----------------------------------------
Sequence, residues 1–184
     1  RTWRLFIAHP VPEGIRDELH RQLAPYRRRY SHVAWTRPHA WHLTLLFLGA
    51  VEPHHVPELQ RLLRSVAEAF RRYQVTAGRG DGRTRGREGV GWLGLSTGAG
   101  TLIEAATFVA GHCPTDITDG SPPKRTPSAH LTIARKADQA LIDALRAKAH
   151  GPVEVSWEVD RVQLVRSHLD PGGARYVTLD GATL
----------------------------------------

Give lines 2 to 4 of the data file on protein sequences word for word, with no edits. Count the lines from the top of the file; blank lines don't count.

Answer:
     1  RTWRLFIAHP VPEGIRDELH RQLAPYRRRY SHVAWTRPHA WHLTLLFLGA
    51  VEPHHVPELQ RLLRSVAEAF RRYQVTAGRG DGRTRGREGV GWLGLSTGAG
   101  TLIEAATFVA GHCPTDITDG SPPKRTPSAH LTIARKADQA LIDALRAKAH